SPA-FRANCORCHAMPS, Belgium — For a brief moment, Lewis Hamilton feared he had lost the Belgian Grand Prix on Sunday.
Sebastian Vettel, on quicker tires with about 10 laps to go, drove up right alongside him on a long straight, and Hamilton thought “this might be it.”
But the British driver fended off his rival heading into the corner.
“It worked out perfect. It was great to go into Turn 5 having just done enough,” Hamilton said. “He was able to get way too close. It was only just enough to stay ahead.”
After that, Vettel never got another chance to pass Hamilton and conceded some ground in the title race.
Hamilton’s third Spa win helped him trim championship leader Vettel’s advantage over him to seven points, with eight races left in what is shaping up to be a nail-biting finish.
Hamilton’s fifth win this season was his 58th overall, having equaled Michael Schumacher’s pole position record of 68 in Saturday’s qualifying.
Vettel finished about 2 seconds behind Hamilton.
“I was waiting for Lewis to make a mistake and he didn’t,” the German driver said. “I’m not entirely happy.”
The track was more suited to Mercedes than Ferrari, and Hamilton said improvement can still be made.
“This weekend we definitely didn’t have the race pace. The car is not quite where we need it,” said Hamilton, who was competing in his 200th GP. “It was only just enough to stay ahead.”
Four-time F1 champion Vettel has 220 points to three-time champion Hamilton’s 213 heading into next weekend’s Italian GP in Monza.
“The positive thing is that we had really good race pace,” Vettel said.
Red Bull’s Daniel Ricciardo finished third — for his sixth podium of the season — ahead of Ferrari’s Kimi Raikkonen, with Hamilton’s teammate Valtteri Bottas fifth.
Ricciardo showed great race intelligence and opportunism to pass Bottas after the safety car came out 10 laps from the end.
Hamilton made a good start to the race on the long climb up to Eau Rouge, but Max Verstappen’s hopes ended on lap 8 when his Red Bull lost power.
“I can’t believe this,” Verstappen said. His exasperation was understandable — it is the sixth time this season he has failed to finish the race, and some 80,000 Dutch fans had crossed the border to cheer him on.
“I’m not happy at all,” Verstappen said. “I am very disappointed for the fans who buy an expensive ticket to watch.”
The 19-year-old Verstappen secured a podium with third place in China but has been hit with reliability issues since.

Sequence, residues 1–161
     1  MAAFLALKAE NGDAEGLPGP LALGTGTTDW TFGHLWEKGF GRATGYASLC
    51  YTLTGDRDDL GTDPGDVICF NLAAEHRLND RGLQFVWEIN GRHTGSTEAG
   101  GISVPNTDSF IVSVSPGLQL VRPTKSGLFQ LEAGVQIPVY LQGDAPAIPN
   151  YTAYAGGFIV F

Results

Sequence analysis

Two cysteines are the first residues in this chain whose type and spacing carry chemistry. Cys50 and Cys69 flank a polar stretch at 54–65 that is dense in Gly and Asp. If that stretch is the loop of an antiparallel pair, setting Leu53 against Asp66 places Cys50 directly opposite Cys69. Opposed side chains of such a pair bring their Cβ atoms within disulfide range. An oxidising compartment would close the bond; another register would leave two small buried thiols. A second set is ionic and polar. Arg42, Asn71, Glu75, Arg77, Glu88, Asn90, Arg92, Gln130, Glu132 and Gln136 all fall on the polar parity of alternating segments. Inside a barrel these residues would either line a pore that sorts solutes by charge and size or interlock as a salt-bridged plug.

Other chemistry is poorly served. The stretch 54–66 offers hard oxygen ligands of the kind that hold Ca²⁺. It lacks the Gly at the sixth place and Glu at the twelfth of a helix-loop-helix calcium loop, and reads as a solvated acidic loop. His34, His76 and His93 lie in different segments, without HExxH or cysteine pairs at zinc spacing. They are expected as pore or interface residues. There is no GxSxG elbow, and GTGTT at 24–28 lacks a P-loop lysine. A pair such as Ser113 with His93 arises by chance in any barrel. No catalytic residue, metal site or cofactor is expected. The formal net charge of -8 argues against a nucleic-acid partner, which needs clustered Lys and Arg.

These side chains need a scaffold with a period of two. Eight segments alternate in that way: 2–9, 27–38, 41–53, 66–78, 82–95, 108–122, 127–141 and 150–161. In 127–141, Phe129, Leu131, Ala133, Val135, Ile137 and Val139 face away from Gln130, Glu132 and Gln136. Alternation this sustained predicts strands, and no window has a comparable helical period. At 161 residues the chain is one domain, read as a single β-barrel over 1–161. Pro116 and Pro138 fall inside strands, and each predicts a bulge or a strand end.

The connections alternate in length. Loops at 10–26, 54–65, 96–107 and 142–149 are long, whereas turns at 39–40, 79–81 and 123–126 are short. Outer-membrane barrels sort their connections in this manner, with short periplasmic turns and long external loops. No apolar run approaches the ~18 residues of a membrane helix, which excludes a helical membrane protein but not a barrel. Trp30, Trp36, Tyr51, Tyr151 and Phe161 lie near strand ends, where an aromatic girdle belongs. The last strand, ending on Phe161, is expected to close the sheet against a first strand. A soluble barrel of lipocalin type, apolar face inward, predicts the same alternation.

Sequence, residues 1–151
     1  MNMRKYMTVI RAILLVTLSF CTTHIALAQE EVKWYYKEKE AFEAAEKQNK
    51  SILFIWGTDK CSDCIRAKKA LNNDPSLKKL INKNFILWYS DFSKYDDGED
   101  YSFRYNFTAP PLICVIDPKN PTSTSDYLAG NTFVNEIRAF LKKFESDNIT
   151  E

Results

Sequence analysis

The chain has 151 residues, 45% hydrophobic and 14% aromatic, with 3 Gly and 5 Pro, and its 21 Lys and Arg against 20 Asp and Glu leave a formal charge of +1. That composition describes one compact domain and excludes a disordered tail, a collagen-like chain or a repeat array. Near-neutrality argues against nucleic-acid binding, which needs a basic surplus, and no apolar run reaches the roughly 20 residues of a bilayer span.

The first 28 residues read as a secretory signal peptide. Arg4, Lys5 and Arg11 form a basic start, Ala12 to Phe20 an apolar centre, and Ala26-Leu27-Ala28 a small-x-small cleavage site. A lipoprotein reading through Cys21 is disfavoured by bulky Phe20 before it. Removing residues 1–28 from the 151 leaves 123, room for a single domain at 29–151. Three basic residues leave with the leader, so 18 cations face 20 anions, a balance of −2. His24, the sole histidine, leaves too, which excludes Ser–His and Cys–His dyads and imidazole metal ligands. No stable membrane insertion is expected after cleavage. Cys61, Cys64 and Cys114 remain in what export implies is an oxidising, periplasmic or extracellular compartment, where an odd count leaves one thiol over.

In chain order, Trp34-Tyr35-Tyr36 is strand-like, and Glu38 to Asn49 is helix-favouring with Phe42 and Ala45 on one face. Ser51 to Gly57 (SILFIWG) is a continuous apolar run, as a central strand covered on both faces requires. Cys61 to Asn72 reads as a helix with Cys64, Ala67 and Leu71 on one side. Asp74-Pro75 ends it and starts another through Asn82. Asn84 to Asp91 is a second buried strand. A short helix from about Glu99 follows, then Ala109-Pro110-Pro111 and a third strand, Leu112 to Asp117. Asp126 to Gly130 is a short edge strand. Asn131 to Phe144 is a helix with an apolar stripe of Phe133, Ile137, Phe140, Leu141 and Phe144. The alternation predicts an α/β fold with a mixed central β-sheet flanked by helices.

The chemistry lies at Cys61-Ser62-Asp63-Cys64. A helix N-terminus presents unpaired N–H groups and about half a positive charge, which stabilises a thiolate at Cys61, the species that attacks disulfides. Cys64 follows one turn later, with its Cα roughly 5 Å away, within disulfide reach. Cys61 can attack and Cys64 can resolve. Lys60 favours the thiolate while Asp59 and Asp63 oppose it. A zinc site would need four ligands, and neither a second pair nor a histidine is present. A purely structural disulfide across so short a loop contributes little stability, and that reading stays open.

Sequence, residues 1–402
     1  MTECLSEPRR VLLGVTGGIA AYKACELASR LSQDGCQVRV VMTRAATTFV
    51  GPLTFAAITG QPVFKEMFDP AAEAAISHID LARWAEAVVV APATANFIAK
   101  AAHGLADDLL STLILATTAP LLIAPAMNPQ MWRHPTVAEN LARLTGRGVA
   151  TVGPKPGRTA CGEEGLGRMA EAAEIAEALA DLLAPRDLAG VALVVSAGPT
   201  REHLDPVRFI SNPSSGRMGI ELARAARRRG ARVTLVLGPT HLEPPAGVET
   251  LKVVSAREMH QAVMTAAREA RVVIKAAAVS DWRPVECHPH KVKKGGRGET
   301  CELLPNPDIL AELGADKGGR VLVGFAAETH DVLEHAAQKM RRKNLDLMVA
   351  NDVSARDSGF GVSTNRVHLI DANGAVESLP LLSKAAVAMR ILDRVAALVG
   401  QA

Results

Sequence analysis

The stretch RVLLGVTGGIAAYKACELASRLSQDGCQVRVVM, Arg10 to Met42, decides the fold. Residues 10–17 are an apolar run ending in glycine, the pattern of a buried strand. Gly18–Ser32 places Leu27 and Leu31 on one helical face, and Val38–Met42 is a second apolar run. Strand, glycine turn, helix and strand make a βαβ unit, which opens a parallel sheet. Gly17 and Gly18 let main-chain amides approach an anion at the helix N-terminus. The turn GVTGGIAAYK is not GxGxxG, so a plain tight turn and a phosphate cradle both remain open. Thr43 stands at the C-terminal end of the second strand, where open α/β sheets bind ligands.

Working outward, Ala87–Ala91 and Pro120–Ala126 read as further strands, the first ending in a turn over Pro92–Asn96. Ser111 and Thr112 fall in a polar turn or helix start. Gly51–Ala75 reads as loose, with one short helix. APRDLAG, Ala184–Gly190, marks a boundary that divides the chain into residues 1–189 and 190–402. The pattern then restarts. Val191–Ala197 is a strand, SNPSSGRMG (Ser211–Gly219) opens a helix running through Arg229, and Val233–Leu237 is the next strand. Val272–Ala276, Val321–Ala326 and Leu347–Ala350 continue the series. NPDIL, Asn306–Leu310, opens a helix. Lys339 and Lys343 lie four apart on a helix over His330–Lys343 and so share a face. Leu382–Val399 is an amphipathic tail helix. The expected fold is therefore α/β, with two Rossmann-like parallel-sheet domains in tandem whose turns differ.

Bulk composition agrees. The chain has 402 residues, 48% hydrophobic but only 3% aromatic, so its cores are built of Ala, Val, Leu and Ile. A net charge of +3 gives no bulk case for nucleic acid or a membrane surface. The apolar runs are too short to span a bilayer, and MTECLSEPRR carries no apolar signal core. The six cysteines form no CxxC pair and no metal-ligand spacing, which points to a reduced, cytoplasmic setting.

Two-time F1 champion Fernando Alonso retired on lap 27 in the latest setback as McLaren continues to struggle with Honda engines. The Spanish driver has completed only three races so far.
The Spa track, nestled in the Ardennes forest, is the longest in F1 at 7 kilometers (4.3 miles) and the race is often full of incident.
There was one heated clash between Force India drivers Sergio Perez and Esteban Ocon, prompting the safety car to come out after they made contact with each other on lap 30, sending debris onto the track.
Their tense relationship is degrading fast.
After bumping on the track at the Azerbaijan GP in June, they did it again when they touched wheels as Ocon moved on the outside of the track shortly after the start, with Perez responding by squeezing the Frenchman against the barrier.
Later the pair came into contact again with Ocon’s front wing flying away and a tire dropping off Perez’s car as a result.
This prompted a furious, expletive-laced outburst from Ocon.
After both cars pitted for repairs, Ocon finished ninth but Perez had to retire just before the end.
The safety car stayed out for four laps, which was too long for Hamilton’s liking, and he used an expletive of his own to complain.
“There was hardly any debris about,” Hamilton said afterward.
Drivers worry that their tires lose heat if they stay behind the car too long.
But Vettel failed to capitalize.
“Maybe that was the problem, my restart was too good,” Vettel said. “I was too close.”